As the three girlfriends, Amy Dunham is sweetly naive and also brings her A-game in wild insanity. I don't think I've previously seen her play a dumb blonde, but this one is dumb like a fox - fascinating, eccentric, bewildered but somehow getting where she's going anyway. Vanessa DeJaeger gives Marta some downtown cool - her "Another Hundred People" manages to be both bitter and yearning, and in her scene with Bobby, she has that great ability to make you feel like you don't know where her character's going to go next, but make you always delighted when you get there. Michelle Norris is practical, sweet, kind yet determined in her scene and her dancer's body unleashes wildly unconventional erotic moves during "Tick-Tock".

Jordan Best's direction is tight as a drum, keeping every emotional moment on track and swerving the scenes into each other in glorious mixes that can switch from laughter to drama in seconds. Tim Hansen's musical direction gives us a band that nails a tricky, complicatedly rhythmic score. James Batchelor's choreography has a great range of movements that feel both characterful and true. Michael Spark's set takes one lyric ("All those pictures up on the wall") and makes it glorious reality with a series of frames and squares, while keeping an open, adaptable space that can, and does, go anywhere within Manhattan's limits. Lighting by Kelly McGannon is spot-on, whether it's the small picture-frame moments or the green-zombie glow during "What would we do without you", and Steve Allsop's sound design works perfectly on opening night, barring one bumped microphone (that should be a standard, but ... honestly, with musicals, I've seen so many messily spotty sound cues as actors are picked up three bars into a song that it's almost turned me off seeing shows in their first week).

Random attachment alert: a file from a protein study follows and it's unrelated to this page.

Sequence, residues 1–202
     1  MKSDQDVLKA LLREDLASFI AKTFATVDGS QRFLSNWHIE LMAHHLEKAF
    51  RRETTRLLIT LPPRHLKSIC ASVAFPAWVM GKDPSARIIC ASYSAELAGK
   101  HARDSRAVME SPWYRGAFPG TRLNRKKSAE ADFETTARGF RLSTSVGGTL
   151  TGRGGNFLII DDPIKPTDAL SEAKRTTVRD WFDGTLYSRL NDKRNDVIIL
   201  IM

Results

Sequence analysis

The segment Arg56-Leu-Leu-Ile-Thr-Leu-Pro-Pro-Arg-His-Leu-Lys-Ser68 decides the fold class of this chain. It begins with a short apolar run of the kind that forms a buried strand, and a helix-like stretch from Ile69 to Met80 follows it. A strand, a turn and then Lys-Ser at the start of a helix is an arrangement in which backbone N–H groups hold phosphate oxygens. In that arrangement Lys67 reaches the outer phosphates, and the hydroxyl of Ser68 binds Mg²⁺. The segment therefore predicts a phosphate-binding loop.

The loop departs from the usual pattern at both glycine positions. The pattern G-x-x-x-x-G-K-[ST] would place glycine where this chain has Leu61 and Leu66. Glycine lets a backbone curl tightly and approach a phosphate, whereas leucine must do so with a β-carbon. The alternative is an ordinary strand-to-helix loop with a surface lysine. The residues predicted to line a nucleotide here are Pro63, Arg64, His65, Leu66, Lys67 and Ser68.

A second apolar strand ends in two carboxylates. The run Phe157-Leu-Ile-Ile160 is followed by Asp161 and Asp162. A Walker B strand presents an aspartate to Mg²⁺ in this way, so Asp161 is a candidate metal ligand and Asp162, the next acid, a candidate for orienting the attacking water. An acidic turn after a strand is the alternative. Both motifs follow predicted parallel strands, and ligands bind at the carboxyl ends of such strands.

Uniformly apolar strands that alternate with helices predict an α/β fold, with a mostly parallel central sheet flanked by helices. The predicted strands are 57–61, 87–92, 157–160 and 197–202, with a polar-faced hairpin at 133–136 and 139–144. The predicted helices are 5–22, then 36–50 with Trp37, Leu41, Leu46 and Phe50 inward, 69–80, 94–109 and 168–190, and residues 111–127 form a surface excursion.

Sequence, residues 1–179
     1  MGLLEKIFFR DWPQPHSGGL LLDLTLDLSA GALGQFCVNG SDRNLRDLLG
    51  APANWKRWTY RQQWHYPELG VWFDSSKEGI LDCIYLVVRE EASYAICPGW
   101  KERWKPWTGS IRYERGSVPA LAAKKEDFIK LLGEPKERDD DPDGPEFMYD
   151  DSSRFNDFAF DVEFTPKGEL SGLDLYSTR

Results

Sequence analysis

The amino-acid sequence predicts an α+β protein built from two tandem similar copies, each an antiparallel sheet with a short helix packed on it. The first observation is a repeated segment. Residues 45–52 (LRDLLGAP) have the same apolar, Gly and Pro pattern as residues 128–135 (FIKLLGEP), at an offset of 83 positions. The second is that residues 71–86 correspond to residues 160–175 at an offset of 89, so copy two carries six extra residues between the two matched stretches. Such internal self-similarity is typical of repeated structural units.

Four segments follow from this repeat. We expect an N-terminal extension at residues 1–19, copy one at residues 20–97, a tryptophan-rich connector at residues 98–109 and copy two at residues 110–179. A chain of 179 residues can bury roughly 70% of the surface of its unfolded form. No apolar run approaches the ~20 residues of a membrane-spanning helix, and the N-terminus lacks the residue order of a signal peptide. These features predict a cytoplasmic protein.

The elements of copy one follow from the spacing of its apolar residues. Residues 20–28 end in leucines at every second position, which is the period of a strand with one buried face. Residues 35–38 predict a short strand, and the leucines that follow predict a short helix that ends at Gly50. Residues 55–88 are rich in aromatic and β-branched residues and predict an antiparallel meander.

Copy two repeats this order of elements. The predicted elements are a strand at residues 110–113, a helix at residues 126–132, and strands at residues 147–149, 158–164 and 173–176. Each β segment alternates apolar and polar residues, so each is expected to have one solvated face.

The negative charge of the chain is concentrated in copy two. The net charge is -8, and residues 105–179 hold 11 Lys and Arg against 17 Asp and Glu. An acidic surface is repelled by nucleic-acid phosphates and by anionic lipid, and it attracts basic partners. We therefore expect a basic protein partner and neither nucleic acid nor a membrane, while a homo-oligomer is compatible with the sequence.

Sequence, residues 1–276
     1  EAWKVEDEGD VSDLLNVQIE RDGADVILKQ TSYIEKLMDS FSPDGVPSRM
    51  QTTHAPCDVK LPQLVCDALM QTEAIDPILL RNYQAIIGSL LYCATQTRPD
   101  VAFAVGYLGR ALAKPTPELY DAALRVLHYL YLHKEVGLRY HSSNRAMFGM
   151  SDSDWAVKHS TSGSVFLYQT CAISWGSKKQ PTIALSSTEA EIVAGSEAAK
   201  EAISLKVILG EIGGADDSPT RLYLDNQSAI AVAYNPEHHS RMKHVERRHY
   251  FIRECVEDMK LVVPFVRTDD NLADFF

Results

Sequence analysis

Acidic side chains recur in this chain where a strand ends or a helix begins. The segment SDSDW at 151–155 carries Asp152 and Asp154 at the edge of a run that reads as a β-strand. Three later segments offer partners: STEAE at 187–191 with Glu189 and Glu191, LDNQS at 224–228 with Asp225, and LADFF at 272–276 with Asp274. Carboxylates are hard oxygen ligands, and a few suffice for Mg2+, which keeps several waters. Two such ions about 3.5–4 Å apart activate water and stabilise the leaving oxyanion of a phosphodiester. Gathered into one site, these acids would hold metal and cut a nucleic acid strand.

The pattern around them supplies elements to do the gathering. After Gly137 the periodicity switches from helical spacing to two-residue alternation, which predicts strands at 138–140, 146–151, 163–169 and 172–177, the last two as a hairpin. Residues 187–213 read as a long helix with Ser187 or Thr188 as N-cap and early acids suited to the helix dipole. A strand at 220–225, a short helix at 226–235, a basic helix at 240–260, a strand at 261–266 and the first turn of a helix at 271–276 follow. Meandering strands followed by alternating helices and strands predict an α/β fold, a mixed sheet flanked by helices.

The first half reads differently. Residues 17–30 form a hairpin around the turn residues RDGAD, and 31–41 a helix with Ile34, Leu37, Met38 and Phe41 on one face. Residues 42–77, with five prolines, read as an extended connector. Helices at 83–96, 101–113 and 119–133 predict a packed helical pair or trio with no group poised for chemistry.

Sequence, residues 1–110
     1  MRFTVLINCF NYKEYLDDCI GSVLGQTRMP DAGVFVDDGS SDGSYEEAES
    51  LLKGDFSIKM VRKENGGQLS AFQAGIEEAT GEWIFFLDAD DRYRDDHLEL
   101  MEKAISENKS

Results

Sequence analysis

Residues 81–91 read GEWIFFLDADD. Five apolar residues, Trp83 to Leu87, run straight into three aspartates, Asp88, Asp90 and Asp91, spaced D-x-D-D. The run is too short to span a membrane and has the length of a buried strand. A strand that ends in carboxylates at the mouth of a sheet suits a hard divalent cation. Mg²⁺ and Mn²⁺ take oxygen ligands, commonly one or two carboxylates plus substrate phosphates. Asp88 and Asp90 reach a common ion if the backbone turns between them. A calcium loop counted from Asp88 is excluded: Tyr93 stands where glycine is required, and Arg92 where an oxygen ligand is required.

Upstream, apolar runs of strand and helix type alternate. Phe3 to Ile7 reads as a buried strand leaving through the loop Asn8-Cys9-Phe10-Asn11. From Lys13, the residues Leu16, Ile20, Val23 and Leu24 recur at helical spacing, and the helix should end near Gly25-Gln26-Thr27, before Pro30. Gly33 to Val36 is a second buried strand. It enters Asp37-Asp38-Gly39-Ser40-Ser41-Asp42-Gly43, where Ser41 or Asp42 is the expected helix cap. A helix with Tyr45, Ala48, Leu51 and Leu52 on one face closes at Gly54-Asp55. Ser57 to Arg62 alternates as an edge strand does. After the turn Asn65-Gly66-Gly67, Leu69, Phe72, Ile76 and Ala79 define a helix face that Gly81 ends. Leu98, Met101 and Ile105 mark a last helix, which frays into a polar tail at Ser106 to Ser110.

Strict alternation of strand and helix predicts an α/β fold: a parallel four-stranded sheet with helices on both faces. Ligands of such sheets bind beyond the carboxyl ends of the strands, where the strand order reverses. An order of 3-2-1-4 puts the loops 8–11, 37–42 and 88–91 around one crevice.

In short - this is a show I love. Done by a company I love. Full of actors I love. Directed by a director that I love. Is there any surprise that, yes, I love the everloving hell out of this show. Go see it.